Lake Anna is the second largest lake in the state of Virginia, measuring 17 miles long with 200 miles of shoreline. The majority of Lake Anna is in Louisa & Spotsylvania counties with the northern most section being in Orange County.
Lake Anna is great for fishing, lake boating, and much more. Lake Anna State Park has something for everyone - offering sandy beaches, swimming areas, walking & hiking trails, and much more!
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Public Side vs Private Side
Lake Anna's Public side is much larger, encompassing approximately 9,000 surface acres, wherein the private side makes up approximately 4,000 surface acres. The public side touches all three surrounding counties (Spotsylvania, Louisa & Orange), while the Private Side is entirely in Louisa County.
The main differences? On the public side you'll find waterfront marinas, restaurants, gas pumps, public launches, and other businesses, all accessible by boat. The private side does not allow commercial operation on its shoreline and you must be a property owner to access the water on the private side, as there are no public launch sites, NO MARINAS, NO RESTAURANTS, etc.
NOTE: the two sides are separated by three dykes, so you cannot cross to the other side by boat.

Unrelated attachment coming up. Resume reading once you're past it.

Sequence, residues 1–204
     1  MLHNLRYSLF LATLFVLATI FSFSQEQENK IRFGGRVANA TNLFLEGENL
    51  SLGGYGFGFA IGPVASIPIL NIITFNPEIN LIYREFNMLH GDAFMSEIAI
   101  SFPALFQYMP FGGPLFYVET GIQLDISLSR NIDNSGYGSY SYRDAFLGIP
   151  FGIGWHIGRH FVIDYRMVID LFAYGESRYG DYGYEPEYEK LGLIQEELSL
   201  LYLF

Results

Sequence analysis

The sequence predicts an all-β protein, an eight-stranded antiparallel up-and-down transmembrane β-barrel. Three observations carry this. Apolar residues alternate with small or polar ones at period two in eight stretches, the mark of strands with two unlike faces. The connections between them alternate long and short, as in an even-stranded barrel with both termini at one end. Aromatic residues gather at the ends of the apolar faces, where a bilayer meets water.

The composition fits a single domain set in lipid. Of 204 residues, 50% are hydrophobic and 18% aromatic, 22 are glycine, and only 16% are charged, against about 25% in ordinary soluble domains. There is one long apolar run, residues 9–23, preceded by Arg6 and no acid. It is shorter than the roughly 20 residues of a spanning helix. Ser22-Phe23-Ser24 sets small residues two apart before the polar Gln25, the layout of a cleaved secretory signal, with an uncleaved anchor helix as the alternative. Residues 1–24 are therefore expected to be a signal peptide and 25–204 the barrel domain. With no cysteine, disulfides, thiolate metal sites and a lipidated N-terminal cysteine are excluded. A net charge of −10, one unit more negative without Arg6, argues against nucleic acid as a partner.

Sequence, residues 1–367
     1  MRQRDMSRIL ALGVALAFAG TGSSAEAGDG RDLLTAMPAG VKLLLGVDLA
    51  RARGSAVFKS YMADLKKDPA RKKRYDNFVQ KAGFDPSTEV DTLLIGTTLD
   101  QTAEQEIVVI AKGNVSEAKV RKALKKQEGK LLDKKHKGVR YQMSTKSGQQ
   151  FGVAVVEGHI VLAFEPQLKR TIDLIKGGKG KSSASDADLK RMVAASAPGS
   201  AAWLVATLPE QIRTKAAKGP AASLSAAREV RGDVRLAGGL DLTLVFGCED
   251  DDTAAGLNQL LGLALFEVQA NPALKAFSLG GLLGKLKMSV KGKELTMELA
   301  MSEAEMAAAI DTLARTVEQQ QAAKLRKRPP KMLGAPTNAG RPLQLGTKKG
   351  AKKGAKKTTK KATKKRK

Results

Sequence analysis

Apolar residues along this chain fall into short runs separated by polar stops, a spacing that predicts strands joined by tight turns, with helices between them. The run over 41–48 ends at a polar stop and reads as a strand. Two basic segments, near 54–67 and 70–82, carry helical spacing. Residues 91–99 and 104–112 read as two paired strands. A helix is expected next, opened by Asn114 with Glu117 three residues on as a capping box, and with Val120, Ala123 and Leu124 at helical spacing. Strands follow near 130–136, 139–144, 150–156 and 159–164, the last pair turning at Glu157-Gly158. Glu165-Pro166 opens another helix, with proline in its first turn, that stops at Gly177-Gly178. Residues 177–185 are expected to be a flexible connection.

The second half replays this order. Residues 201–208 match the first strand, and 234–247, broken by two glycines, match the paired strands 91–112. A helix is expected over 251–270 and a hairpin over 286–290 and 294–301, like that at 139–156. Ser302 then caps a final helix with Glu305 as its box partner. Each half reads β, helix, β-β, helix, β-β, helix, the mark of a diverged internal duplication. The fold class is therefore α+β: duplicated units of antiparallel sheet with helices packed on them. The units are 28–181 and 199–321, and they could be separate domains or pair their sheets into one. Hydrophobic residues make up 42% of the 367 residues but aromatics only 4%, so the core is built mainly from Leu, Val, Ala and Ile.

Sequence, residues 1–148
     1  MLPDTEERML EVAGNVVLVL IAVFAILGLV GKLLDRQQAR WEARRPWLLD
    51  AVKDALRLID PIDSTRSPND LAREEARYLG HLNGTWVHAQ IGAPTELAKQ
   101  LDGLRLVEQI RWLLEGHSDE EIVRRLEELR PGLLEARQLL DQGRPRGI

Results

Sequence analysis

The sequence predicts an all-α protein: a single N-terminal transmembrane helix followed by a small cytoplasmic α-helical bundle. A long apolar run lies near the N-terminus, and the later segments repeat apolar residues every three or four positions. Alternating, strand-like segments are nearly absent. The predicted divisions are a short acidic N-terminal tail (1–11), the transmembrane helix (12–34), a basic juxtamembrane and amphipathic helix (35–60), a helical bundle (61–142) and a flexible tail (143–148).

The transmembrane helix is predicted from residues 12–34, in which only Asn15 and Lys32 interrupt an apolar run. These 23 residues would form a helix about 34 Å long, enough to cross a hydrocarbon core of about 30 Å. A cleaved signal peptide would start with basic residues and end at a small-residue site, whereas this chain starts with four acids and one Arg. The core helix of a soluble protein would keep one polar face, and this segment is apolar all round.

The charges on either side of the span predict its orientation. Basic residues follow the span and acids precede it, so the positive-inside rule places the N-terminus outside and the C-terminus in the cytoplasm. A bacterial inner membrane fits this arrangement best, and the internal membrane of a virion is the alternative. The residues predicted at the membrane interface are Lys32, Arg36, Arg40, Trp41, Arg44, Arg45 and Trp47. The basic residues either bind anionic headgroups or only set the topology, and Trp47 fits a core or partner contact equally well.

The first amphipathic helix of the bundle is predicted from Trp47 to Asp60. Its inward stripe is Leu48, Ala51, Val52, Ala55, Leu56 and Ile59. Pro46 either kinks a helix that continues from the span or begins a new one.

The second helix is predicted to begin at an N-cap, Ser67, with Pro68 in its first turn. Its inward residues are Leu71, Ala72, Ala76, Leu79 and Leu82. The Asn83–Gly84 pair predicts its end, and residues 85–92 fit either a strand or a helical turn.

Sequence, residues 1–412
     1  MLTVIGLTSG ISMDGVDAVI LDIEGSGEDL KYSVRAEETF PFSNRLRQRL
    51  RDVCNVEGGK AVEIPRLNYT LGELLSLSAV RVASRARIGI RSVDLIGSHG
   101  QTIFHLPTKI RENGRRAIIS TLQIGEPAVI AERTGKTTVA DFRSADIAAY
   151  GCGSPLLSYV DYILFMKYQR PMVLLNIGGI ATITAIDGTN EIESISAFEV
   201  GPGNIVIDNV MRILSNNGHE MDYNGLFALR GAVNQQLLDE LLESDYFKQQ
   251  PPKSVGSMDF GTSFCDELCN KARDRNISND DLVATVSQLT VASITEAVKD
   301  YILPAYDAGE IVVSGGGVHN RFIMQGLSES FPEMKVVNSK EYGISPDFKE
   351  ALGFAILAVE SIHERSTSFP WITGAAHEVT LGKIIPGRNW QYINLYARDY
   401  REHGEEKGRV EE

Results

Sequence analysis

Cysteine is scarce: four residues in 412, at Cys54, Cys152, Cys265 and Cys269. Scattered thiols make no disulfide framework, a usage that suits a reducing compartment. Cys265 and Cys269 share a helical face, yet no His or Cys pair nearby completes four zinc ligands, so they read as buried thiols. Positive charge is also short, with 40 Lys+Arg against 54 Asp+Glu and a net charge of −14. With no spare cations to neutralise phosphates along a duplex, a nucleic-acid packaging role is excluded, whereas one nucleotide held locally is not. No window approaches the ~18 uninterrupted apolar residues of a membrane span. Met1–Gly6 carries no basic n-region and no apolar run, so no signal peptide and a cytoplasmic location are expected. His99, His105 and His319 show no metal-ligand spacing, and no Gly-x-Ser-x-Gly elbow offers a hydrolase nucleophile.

Quick Facts about Lake Anna:
Length: 17 miles
Acreage: 13,000+ acres
Distance from Washington, DC: 80 miles
Distance from Richmond, VA: 50 miles
Distance from Charlottesville, VA: 40 miles
Distance from Fredericksburg, VA: 20 miles
Local Emergency Resources
Lake Anna Rescue
Mineral Volunteer Fire Department
Bumpass Volunteer Fire Department
Louisa County Volunteer Rescue
Mineral Volunteer Rescue Squad
Lake Anna Volunteer Rescue Squad
Fishing at Lake Anna
Initial stockings began in 1972, with introductions of Largemouth Bass, Bluegill, Redear Sunfish, and Channel Catfish. Blueback Herring and Threadfin Shad were successfully introduced in the 1980’s to provide additional forage for pelagic (open-water) predators. Annual stockings of Striped Bass and Hybrid Striped Bass continue in order to maintain these fisheries (other species are self-sustaining).
Prior to 1985, Largemouth Bass were managed with a 12-inch size limit (five per day). That minimum was changed to a 12 to 15 inch protected slot in 1985 in an effort to help restructure the population. In recent years, as the popularity of catch-and-release bass fishing became prevalent, creel data indicated over 99% of bass caught at Anna were released. Thus, the need for any type of restrictive harvest restriction is moot, and the slot was dropped on July 1, 2006. Striped Bass and Hybrid Striped Bass are currently managed under a 20-inch minimum size limit and a creel limit of four per day (aggregate).
(source:Virginia Department of Wildlife Resources)